//Creating an object of Math class.
        Fun ob;
        
        //Calling an overloading version of add() function with two char values, which are promoted to int
        ob.add('a','b');
        
        //Calling an overloading version of add() function with two string values
        ob.add("He", "llo");
        }


      • Output -


        195
        Hello


        • In the last example, we have overloaded the add() function and have created its two different versions within its Math class.
        • One version of add function is adding two int values.
        • While, the second version of add function is adding two string values.
        • When the add() function is called with two char values, the char values are promoted to int and the add() function which takes two int values is called.





        Let us see another example, in which a function which takes two int arguments is called and passed two long values, the long values are converted to int and the function is called. Let's see an example.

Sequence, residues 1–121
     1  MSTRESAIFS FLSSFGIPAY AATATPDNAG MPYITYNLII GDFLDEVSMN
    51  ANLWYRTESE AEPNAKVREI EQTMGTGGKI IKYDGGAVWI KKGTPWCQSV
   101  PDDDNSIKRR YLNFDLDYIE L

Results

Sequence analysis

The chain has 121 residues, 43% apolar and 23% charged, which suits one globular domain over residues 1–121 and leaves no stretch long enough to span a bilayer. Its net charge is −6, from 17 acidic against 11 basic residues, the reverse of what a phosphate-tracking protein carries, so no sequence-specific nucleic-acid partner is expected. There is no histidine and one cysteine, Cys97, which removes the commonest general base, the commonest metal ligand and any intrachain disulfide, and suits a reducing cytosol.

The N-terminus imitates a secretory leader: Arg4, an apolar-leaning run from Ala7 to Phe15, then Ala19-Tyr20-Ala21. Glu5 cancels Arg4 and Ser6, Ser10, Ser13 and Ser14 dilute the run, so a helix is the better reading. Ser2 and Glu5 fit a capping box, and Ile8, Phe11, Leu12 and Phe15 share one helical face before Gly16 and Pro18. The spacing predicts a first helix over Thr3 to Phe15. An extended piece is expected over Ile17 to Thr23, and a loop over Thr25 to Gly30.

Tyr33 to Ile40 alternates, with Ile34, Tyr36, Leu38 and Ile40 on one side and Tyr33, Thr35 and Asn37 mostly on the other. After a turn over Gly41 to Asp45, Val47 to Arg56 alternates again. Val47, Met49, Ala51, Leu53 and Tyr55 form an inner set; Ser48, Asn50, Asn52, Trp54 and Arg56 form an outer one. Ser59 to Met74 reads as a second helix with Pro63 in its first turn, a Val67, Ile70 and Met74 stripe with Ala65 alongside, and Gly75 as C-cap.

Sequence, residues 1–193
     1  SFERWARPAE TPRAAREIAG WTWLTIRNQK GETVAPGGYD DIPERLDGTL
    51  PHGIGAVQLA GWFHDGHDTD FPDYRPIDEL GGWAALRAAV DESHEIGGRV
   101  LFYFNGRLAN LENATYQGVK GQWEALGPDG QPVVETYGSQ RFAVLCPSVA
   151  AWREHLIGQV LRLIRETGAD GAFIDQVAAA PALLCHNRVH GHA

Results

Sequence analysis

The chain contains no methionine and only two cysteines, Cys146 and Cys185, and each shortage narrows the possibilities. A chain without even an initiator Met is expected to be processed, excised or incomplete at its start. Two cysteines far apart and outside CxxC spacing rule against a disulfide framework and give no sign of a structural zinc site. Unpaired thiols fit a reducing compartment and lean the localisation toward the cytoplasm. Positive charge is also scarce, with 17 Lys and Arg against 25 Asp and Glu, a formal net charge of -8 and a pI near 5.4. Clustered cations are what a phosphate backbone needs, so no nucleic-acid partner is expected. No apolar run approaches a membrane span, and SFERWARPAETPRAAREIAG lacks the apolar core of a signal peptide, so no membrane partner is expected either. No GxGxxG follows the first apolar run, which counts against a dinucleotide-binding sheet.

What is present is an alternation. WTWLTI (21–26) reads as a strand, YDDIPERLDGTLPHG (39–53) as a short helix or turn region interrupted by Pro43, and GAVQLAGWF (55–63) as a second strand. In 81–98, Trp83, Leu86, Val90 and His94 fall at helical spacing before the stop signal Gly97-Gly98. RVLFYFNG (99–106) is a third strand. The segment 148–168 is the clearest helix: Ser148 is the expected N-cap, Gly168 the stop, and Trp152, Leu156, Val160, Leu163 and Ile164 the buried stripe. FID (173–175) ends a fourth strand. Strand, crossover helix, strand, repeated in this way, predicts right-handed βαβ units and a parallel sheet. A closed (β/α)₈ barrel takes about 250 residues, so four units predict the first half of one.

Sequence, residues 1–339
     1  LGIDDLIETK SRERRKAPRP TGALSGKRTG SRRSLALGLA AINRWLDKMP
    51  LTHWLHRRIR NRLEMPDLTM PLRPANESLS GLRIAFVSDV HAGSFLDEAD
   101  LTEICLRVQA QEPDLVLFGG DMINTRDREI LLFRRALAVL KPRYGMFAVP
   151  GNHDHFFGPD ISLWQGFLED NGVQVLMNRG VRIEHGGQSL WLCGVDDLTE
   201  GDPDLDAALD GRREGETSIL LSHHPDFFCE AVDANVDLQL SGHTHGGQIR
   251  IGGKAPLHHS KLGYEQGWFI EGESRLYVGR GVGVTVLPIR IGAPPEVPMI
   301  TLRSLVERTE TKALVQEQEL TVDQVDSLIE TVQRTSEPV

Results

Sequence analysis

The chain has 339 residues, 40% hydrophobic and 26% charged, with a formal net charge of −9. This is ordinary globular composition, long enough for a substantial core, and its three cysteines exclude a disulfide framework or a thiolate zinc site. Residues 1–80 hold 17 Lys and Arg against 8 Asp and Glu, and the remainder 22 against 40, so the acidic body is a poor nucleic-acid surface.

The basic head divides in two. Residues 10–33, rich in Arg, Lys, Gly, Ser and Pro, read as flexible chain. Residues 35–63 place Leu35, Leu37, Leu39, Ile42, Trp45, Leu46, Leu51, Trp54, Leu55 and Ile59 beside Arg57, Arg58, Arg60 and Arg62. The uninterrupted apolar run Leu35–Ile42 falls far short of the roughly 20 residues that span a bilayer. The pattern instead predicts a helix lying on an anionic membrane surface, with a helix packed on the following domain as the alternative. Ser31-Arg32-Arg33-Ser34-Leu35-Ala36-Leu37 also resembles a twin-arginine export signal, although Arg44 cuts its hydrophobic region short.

• //Math class with add(int,int) function is called with two long values  i.e. long is converted to int
        
        #include<iostream>
        #include<string>
        
        using namespace std;
        
        class Fun
        {
        public:
        
        //add function adding two integers
        void add(int a, int b)
        {
        cout << a+b << "\n";
        }
        
        
        //add function adding two string
        void add(string s1, string s2)
        {
        cout << s1+s2;
        }
        
        };